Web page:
Social Security is a system designed to supplement income in retirement or for workers who are disabled. This system has been an integral part of American’s lives for 84 years. When President Franklin D. Roosevelt signed the Social Security Act into law, it changed the lives of many American workers.
FDR envisioned this legislation to help support American workers. He felt that it was the duty of the government to lend support to the people who have been working to support this country all of their lives.
Even though the legislation has been in play for over 8 decades, many people don’t understand how it operates. I’d like to answer the most frequently asked questions about Social Security so that you can understand how it works and when it will benefit you.
What is Social Security?
Social Security is a financial benefit given to retired workers. The system is funded with federal tax dollars from the Federal Insurance Contribution Act or FICA taxes. These taxes are taken directly from your taxable earnings. Each paycheck, 12.4% of it gets funneled into Social Security. If you are employed with a company, your employer pays 6.2% and you pay 6.2%. If you work for yourself, however, you are responsible for the entire 12.4%.
This may seem like a lot of money, and it is. For example, if each paycheck you receive is $2,000, Social Security taxes will take about $250 with half being paid by you and the other half paid by your employer. The idea was that you contribute to Social Security through FICA when you are working so that you can collect from it when you are not working.
When people pay money to the federal government, they often wonder what it is being used for. The Social Security Administration reports that out of every tax dollar allocated for Social Security, 0.85 cents goes to paying benefits for retired people, their spouses, and families and the remaining 0.15 cents is distributed to people with disabilities and their families.
How can you draw your Social Security benefit?
Your eligibility for Social Security benefits rests on two factors: your work record and the age you enroll in the program. Every working American has a work record, or a document detailing your employment history. In order to get Social Security, you must gather a certain number of work credits during your time in the workforce.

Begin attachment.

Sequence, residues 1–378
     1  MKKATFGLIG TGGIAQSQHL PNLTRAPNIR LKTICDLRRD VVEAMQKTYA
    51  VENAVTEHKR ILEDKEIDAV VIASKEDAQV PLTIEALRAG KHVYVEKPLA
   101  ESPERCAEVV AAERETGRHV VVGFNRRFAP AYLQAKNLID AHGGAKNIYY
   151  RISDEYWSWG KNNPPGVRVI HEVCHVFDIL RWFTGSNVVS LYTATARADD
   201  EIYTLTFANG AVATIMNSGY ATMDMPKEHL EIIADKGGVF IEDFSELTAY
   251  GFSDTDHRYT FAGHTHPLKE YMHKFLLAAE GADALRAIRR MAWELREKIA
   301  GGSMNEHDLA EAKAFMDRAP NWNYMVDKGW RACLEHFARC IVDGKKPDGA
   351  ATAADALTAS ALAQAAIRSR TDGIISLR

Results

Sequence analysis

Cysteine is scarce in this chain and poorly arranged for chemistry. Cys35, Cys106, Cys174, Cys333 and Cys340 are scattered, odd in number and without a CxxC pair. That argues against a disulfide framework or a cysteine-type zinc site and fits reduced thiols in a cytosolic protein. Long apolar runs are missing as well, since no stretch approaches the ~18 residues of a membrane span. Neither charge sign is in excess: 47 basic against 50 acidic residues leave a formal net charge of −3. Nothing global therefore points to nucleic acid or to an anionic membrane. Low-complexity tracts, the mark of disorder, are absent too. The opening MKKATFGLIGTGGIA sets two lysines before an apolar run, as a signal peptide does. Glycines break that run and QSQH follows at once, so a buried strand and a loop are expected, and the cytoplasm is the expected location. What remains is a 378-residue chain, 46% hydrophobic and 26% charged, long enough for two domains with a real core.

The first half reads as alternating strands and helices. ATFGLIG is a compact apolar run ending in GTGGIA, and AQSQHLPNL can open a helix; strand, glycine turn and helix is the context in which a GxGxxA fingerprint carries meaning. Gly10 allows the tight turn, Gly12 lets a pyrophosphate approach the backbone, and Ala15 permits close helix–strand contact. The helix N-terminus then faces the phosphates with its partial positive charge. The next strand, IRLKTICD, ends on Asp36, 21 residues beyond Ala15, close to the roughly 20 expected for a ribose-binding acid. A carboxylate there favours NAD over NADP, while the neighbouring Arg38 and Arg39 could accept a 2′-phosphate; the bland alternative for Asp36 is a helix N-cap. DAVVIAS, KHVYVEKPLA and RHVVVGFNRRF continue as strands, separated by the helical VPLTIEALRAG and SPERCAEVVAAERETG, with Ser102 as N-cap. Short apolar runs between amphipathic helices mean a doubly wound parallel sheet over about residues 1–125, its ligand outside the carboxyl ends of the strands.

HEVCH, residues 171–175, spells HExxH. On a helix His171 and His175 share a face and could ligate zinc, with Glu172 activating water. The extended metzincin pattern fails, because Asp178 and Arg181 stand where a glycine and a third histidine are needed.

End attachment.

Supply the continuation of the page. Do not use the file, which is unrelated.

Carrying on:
For 2019, you will receive one credit for every $1,360 in earnings with a limit of 4 credits gained per year. Anyone born in 1929 or later must receive at least 40 credits or 10 years of work to qualify for retirement benefits.
Does that mean after 10 years you can leave your job and run for the hills? Well, not exactly.
Unless you become disabled, you will not be able to begin accepting Social Security benefits until you turn 62. If you do find yourself disabled, please note that you will need to go through a rigorous application process to receive benefits early. If you would like more information on this, please see the Social Security website.
You have three options for enrolling in your Social Security benefit: early, on time, or delayed. Each has its own benefits, so the most important thing is that you make the decision that is best for you.
Electing to enroll early would mean you begin taking your benefit at the earliest possible age, 62. This works for many people because it allows them to get monthly checks longer which can help with budgeting and cash flow in retirement. But the downside is that your checks will be significantly lower. By enrolling early, your benefit will decrease by about 30% over the course of your retirement which is not a small number.
Another option is if you wait to enroll until your full retirement age, and for people born in 1960 or later that age is 67. Your full retirement age allows you to claim 100% of your benefit, making your monthly checks higher which could be a big help for your income.
The last option is to delay your claim until you turn 70. If you can claim your full benefit at 67 why wait 3 additional years? The reason is that your benefit will increase by 8% for every year you don’t enroll up to age 70. This means your benefit could increase by 24%!
When making the decision of when to claim it is important to evaluate your health and goals for retirement in order to make the best choice for you.
How can you calculate your Social Security benefit?
Now that you know what Social Security is and when you can start claiming benefits, it’s time to know how much that benefit will be.
Remember, your overall benefit will be determined by your work record and the age you enroll. In order to get specific numbers, the Social Security Administration has created a benefits calculator that helps you determine:
Your retirement age
Your estimated benefits whether you enroll early, on time, or delayed
Your spousal benefits should that apply
Your earnings benefits if you still work part-time in retirement
Can you count on Social Security in the long-term?
In its original form, Social Security was thought to provide about 40% of retirement income. The remaining 60% would come from additional savings investments, annuities, and personal savings.
It is estimated that the Social Security fund will be depleted by 2034, meaning that many young workers will not be able to rely on the benefit to help them in retirement. I advise that people prepare about 80%-90% of their retirement savings through 401(k), IRA, pension, annuity, investments, and personal savings in order to prepare them for retirement leaving only a small percentage open for Social Security.
Social Security has been a strong system for many people, but its benefits are not as robust as they used to be. It can be tough to figure out how Social Security will fit into your retirement income. If you would like personalized advice, give us a call!